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Astasanthin Proved Effective in Improving Chronic Obstructive Pulmonary Disease (COPD)

Published on Dec 23, 2019

Research

A research group consisting of graduate student Hiroaki Kubo, Associate Professor Kazuhisa Asai and Professor Tomoya Kawaguchi, et al. of the Department of Respiratory Medicine, Graduate School of Medicine, Osaka City University has shown that the antioxidant, Astaxanthin, contained in crustaceans such as crabs, shrimp, and salmon helps prevent emphysema - one kind of Chronic Obstructive Pulmonary Disease (COPD). 

COPD affects more than 5 million people in Japan.  Emphysema, in particular is caused by inhaling cigarette smoke, which destroys air sacs in the lungs called alveoli. As emphysema progresses, cough, sputum and shortness of breath occur, and as a result home oxygen therapy*1 is required for some patients. COPD-related deaths like emphysema are increasing year by year and is reported to be the third leading cause of death world-wide.

At present there is no effective treatment to repair lungs damaged by cigarette smoke. Not smoking and bronchodilators are the main forms of treatment. The research group under Associate Professor Asai, et al. found that by administering astaxanthin to mice exposed to cigarette smoke, increased antioxidant capacity and suppressed symptoms of emphysema in lung tissue. It was the first research of its kind to find a correlation between astaxanthin and the suppression of symptoms of emphysema. It has shown empirically the preventative effects of astaxanthin and show that it has the potential to be a novel therapeutic strategy for all COPD.

The results of this research were published online in the international science journal “Marine drugs” on 28 November, 2019 (Japan time).

*1 Installing equipment to supply oxygen at home at a density level that is higher than the air in the room.

【Publishing journal】Marine Drugs(IF=3.772)
【Paper title】Astaxanthin suppresses cigarette smoke-induced emphysema through Nrf2 activation in mice
【Authors】Hiroaki Kubo, Kazuhisa Asai, Kazuya Kojima, Arata Sugitani,
Yohkoh Kyomoto,Atsuko Okamoto, Kazuhiro Yamada, Naoki Ijiri, Tetsuya Watanabe, Kazuto Hirata and Tomoya Kawaguchi
【Publishing URL】https://www.mdpi.com/1660-3397/17/12/673

Research Background

COPD is caused by long-term inhalation of harmful gases such as cigarette smoke. Cigarette smoke contains many harmful substances including reactive oxygen species(ROS)*2. Oxidative stress is the result of the body having an excessive amount of reactive oxygen species and is part of the pathogenesis of COPD. On the other hand, ROS are also known to trigger a defense mechanism against oxidative stress by activating the transcription factor*3 Nrf2 (Nuclear factor erythroid 2-relted factor 2) in vivo studies.

Astaxanthin is an orange-red pigment found in crustaceans such as crabs, shrimp, and salmon. It is a kind of a carotenoid, same as lycopene and β-carotene. It is a powerful antioxygen substance that is said to be approximately 6000 times more powerful than vitamin C and 800 times more powerful than coenzyme Q10. Recent studies have shown that astaxanthin protects in vivo test subjects from oxidative stress by activating Nrf2. Based on these reports Associate Professor Asai‘s research group hypothesized that astaxanthin could increase Nrf2 occurrence in the lung, reduce oxidative stress, and decrease emphysema caused by cigarette smoke.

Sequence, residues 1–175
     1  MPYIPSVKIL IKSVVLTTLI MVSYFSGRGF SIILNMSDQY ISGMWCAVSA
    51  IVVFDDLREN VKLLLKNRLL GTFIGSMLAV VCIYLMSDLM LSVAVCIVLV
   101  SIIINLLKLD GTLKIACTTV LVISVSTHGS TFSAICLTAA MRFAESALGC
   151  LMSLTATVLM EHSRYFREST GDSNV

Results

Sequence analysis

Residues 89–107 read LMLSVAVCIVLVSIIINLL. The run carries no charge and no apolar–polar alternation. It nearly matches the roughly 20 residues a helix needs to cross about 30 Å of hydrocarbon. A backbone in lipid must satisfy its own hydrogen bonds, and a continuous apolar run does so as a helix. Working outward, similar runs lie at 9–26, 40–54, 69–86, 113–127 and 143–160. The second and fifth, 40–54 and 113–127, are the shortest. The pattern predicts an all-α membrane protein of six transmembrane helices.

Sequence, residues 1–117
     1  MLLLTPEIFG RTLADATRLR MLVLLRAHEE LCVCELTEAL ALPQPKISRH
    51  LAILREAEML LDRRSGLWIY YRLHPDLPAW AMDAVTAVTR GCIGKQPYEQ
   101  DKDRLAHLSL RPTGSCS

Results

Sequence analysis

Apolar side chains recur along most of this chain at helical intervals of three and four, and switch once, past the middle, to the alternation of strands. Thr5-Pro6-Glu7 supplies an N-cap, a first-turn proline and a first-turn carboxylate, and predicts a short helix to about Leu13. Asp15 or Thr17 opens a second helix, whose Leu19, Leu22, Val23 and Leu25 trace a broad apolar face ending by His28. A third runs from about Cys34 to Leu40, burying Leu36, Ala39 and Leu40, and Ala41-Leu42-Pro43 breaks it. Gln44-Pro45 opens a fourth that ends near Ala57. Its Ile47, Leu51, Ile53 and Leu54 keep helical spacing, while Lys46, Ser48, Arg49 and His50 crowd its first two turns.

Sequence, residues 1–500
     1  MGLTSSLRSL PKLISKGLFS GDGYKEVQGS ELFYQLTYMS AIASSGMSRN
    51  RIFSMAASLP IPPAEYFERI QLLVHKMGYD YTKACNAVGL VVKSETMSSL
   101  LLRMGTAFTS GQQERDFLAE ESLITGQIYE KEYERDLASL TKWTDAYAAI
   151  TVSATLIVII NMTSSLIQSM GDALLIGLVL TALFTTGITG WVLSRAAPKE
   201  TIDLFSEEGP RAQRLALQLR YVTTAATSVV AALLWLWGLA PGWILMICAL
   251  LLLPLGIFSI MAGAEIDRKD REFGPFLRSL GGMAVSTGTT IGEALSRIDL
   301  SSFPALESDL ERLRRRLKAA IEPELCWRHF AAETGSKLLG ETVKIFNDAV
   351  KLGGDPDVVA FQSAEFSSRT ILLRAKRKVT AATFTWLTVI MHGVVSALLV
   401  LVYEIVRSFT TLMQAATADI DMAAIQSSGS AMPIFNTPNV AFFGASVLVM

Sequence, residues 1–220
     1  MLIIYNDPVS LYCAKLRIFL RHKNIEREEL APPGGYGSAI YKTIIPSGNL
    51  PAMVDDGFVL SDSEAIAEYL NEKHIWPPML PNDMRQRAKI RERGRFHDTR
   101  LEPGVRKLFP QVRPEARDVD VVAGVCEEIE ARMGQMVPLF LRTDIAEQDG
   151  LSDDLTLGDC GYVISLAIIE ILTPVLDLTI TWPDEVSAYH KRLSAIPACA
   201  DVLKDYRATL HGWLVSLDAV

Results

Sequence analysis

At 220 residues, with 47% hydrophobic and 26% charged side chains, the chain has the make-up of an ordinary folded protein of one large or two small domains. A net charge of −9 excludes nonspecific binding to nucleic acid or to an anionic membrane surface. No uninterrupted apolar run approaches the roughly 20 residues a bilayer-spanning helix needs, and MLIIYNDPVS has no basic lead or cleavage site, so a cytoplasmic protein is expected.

*2 Molecules derived from oxygen which react with biopolymers such as DNA, lipids, proteins and enzymes in vivo, resulting in lipid peroxidation, DNA mutation, protein denaturation, enzyme inactivation.

*3 Proteins that specifically bind to DNA.

Content of Research

In the study, mice were exposed to cigarette smoke for 12 weeks, and the effect a diet with and without astaxanthin had on COPD pathology was examined. In the astaxanthin-administered group, the expression of Nrf2 and antioxidant protein HO-1 (Heme oxygenase-1) in lung tissue was significantly increased [Fig. 1], and the number of inflammatory cells in BALF (bronchoalveolar lavage fluid) (Macrophages and neutrophils) were significantly decreased [Fig. 2], and MLI (mean linear intercept) indicating the degree of emphysema and destructive index indicating the degree of alveolar destruction were suppressed [Figure 3].

Fig. 1 Expression of Nrf2 and antioxidant protein HO-1 in lung tissue

Expression of Nrf2
Expression of HO-1
Fig. 2 Inflammatory cells in BALF
(bronchoalveolar lavage fluid)
Fig. 3 Lung tissue
(MLI: mean linear intercept, Destructive index)

 

 

 




 

 

 

 



 

 

 

 

Expected Effect

This study shows that astaxanthin increases antioxidant capacity in lung tissue and prevents emphysema. Astaxanthin is attracting attention as a new candidate substance for COPD treatments.

Research funds

This is part of the Grants-in-Aid for Scientific Research C (19K08660).
Astaxanthin - FUJIFILM Astaxanthin 10O provided by FUJIFILM is used in this research.

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